US strengthens ban on Chinese military-linked firms as investors await index compilers’ fine-tuning moves
- The US government details the scope of November 12 executive order banning investment in 35 targeted Chinese military-related companies
- More fine-tuning in global stock or bond indices could follow the latest clarification on investment ban
The order applies to all transactions by “US persons” including individuals, institutional investors, pension funds, university endowments, banks, bond issuers, venture capital firms, private equity firms, index firms, and other US entities, including those operating overseas, Secretary of State Mike Pompeo said in a statement.
The clarification will ensure that US investors do not unknowingly support or contribute capital “to the development and modernisation of the People’s Republic of China’s military, intelligence, and security services”, according to Pompeo’s statement on Monday.
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“If specific stocks need to be banned or if they don’t meet requirements [of the indices such as MSCI], they still need to be taken out,” Gordon Tsui, chairman of Hantec Pacific and president of Hong Kong Securities Association. While this will impact asset allocation, “it will not be long-term as funds can adjust to that by investing in other stocks that suit them,” he added.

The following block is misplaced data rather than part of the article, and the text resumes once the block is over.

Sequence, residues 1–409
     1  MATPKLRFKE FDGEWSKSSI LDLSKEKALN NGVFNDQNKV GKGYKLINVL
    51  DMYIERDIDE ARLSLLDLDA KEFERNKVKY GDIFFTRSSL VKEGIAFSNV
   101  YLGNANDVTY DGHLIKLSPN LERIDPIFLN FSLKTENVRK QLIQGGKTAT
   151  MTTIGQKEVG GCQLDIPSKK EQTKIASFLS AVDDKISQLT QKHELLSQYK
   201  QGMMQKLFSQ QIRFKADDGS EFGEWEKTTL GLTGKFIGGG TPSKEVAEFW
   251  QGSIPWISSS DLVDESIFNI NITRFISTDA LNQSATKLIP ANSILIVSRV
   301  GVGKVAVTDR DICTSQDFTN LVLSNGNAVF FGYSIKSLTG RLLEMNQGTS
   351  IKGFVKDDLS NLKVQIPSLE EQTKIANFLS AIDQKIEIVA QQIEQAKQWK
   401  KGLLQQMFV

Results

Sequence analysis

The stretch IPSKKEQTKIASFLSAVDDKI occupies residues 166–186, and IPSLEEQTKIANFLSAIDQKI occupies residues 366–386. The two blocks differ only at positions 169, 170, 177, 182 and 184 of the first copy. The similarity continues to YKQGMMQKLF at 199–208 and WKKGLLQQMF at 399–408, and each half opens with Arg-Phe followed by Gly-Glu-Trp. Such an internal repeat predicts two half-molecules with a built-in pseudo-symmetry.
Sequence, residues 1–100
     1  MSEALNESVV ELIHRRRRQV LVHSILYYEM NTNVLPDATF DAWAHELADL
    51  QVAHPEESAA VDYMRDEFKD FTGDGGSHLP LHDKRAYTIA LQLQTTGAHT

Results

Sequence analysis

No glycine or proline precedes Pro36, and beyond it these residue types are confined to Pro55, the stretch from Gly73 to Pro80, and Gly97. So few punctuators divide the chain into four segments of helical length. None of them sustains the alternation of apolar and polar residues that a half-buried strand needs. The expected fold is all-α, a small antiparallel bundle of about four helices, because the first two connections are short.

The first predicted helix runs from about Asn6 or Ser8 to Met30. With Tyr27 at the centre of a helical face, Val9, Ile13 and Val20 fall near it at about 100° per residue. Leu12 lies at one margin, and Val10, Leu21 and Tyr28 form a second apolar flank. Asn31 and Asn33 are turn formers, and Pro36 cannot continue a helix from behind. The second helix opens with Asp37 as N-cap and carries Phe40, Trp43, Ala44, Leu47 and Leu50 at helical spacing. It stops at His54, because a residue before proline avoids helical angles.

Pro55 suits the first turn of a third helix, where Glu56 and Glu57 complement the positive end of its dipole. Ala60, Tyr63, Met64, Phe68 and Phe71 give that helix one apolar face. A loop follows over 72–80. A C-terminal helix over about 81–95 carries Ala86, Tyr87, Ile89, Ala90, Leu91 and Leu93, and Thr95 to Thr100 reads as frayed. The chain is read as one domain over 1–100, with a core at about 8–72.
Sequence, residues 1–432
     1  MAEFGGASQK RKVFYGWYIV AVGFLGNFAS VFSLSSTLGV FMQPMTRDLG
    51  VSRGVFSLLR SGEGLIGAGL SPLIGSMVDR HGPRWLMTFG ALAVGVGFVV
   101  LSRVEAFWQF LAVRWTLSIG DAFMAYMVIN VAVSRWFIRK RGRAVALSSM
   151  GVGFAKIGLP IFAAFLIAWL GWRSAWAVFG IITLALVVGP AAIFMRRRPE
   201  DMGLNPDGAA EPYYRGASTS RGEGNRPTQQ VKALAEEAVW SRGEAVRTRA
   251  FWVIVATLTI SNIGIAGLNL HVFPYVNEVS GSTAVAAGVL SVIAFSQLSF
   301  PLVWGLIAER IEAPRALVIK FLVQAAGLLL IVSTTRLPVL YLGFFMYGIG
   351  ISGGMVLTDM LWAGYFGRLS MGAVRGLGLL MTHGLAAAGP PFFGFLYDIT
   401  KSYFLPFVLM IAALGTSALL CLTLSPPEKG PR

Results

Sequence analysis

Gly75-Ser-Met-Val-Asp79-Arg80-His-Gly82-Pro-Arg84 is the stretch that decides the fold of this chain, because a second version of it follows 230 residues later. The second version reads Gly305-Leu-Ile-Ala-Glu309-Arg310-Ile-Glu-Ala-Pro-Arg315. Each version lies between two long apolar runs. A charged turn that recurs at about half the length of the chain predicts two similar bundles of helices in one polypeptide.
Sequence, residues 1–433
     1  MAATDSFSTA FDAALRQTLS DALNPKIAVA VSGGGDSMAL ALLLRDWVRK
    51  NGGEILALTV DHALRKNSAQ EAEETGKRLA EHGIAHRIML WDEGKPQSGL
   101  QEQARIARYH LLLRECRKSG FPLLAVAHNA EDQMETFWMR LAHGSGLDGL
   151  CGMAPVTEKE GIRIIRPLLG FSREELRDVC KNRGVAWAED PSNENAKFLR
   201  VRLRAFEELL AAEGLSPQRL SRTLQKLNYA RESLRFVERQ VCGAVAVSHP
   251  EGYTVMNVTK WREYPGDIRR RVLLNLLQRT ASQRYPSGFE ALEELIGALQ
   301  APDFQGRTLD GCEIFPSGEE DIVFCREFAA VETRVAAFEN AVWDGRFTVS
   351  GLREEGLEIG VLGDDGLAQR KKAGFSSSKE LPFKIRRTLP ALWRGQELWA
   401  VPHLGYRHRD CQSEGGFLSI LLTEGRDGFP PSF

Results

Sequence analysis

“Index compilers will be under pressure to readjust the components of their benchmarks,” said Ding Haifeng, a consultant with Shanghai-based financial advisory firm Integrity. ”It does not make sense if the exchange-traded funds are unable to buy shares of companies that are constituents of the indexes.”
The Trump administration added four companies including oil explorer China National Offshore Oil Corp to an initial list of 31 companies that included SMIC, Hikvision and phone carriers China Mobile and China Unicom.
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The world’s biggest money managers including BlackRock, Vanguard Group and Morgan Stanley Investment Management are among investors who own securities issued by the Chinese companies.
Shares of the targeted companies barely reacted to the news on Tuesday, as analysts said that the pessimism has already been priced in since the start of the US-China trade war more than two years ago and heightened tensions in the financial markets.
US lawmakers passed a bill this month that could lead to the delisting of the Chinese companies traded on the New York Stock Exchange or Nasdaq within three years, if they fail to allow the US to review their audits.
The Commerce Department earlier this month also added about 60 Chinese companies including SMIC to a list that will require American firms to request a licence to do business with them.
Additional reporting by Daniel Ren in Shanghai